Hugh Williams, principal with the Rosemont, Illinois, office of Avison Young doesn’t know if his industrial client will choose to locate in Chicago or Nashville. He has an even bigger industrial client that is considering leaving its Chicago-area location and moving to Maryland.
And this isn’t unusual. The Chicago market faces competition for industrial users not just from its traditional border rivals of Indiana and Wisconsin, but, increasingly, from across the country.
These other markets entice users with the promise of lower taxes, state governments that are friendlier to industrial users and less expensive labor.
This doesn’t mean that the Chicago area is helpless in the face of increased competition The region still has plenty to attract industrial users, most notably a great location; a strong infrastructure of highways and rail lines; and a deep, highly skilled workforce.
“Every significant indusrial users is going to leverage the states of Indiana and Wisconsin against us,” Williams said. “But the fact is, if you’re an industrial user, you still need people to work in your facility. The quality of worker is different in the city of Chicago than it is in other parts of the country.”
Williams has a good perspective on the competition for industrial users. Consider his client that is looking at either Chicago or Nashville. The client favors the less-congested traffic conditions of Nashville and the nicer climate. Williams’ client that is considering Maryland is looking at that state because of its lower transportation costs.
Another client currently based in Illinois is considering a move to Texas. And it’s not only because it might be cheaper for this client to operate in the Lone Star state. The client isn’t a huge one, employing maybe 15. But the smallish manufacturer is worried about retaining these 15 workers; Its employees so often move on to new jobs, leaving it to scramble to find replacements. The client is looking to Texas as an opportunity to break this pattern, Williams said.
“The client thinks it will have a better opportunity to keep its employees if it makes the move to Texas,” Williams said.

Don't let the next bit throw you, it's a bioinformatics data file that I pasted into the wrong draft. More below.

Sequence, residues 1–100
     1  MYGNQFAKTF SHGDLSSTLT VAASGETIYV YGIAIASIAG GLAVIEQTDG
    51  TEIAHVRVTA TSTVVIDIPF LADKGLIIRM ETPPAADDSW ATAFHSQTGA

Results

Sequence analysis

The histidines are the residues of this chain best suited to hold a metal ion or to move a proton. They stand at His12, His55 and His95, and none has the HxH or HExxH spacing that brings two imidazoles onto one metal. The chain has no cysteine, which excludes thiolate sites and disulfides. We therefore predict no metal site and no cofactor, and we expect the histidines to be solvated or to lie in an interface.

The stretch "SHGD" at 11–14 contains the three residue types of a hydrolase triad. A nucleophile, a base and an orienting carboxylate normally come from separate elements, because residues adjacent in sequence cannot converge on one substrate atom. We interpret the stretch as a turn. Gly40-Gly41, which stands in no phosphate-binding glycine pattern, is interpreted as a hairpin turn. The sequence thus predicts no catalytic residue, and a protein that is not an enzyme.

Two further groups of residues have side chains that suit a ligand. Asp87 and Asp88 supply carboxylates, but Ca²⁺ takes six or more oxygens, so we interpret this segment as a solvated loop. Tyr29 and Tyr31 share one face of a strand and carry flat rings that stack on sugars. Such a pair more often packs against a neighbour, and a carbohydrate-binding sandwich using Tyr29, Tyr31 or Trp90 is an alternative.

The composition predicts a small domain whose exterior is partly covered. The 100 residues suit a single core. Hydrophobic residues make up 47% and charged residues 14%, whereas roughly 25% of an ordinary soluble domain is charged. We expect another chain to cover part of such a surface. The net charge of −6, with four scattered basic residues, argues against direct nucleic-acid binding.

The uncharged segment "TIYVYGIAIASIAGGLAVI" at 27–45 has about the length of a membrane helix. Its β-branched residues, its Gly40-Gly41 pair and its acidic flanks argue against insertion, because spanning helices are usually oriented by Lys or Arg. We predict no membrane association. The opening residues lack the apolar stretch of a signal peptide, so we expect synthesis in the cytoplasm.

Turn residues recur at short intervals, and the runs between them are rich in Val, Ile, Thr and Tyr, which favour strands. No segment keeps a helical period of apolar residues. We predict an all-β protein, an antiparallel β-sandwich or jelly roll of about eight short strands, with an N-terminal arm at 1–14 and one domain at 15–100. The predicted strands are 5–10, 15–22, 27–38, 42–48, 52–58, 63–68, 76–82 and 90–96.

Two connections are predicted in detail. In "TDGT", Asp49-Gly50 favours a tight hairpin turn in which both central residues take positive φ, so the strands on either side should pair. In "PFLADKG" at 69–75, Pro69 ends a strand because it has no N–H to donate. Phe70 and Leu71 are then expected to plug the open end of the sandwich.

The vacancy rate in the Illinois industrial market remains tight. But there are submarkets where industrial vacancy rates are rising. And Williams said that many of the users who would occupy these spaces are looking at other areas of the country to open their warehouses and distribution centers.
“Chicago is always going to be strong just because it is the hub of the Midwest,” Williams said. “But the coasts are dominant today.”
A good example of Illinois losing out on a big industrial user came in late 2017, when Taiwanese electronics company Foxconn selected Mount Pleasant, Wisconsin, for its new manufacturing plant, one that will create crystal displays. The new plant will be located on 1,200 acres.
Williams said that Foxconn officials wanted to be located near Chicago. But they didn’t want to be in Illinois. The Mount Pleasant location, then, was a good alternative.
“The industrial market here is great in some respects,” Williams said. “The investment market, the institutional buyers, that end of the market is particularly great. A lot of these groups have to get money out the door. We are seeing big consolidation strategies playing itself out in Chicago and around the country. So developers are feeling confident that they’ll be able to sell it to the investment community.”
At the same time, Williams said, submarkets such as the I-80 and I-55 corridors are seeing higher industrial vacancy rates. The I-90 corridor has double-digit vacancy rates today, Williams said.
“You see little signs that in some submarkets the user activity isn’t as strong as it ought to be,” Williams said. “But the investment community is still out there paying good money, and that end of the market remains really strong.”